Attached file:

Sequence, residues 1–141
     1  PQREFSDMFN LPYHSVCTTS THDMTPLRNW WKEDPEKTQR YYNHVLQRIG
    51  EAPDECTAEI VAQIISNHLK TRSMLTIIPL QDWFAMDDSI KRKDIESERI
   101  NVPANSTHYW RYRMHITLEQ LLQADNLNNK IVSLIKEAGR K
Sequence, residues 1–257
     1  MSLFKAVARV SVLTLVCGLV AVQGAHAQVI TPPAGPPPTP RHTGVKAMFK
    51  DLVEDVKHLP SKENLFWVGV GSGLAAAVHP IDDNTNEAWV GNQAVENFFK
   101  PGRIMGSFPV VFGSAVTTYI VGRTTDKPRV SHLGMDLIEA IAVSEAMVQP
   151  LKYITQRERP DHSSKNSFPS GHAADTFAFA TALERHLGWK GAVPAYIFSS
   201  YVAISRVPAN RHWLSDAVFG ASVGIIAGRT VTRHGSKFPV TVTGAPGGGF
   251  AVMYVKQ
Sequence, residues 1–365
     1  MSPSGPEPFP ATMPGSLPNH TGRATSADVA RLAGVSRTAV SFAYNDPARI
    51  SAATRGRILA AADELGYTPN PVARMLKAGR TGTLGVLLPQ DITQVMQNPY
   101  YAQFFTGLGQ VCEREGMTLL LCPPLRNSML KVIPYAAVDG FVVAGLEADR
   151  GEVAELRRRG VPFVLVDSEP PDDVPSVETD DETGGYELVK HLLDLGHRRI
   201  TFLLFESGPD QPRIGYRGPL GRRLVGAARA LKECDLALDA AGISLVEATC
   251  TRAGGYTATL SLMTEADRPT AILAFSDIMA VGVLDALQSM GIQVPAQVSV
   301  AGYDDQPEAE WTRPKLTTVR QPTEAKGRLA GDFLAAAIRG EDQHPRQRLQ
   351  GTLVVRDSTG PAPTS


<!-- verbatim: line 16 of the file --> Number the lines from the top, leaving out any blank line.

   151  GEVAELRRRG VPFVLVDSEP PDDVPSVETD DETGGYELVK HLLDLGHRRI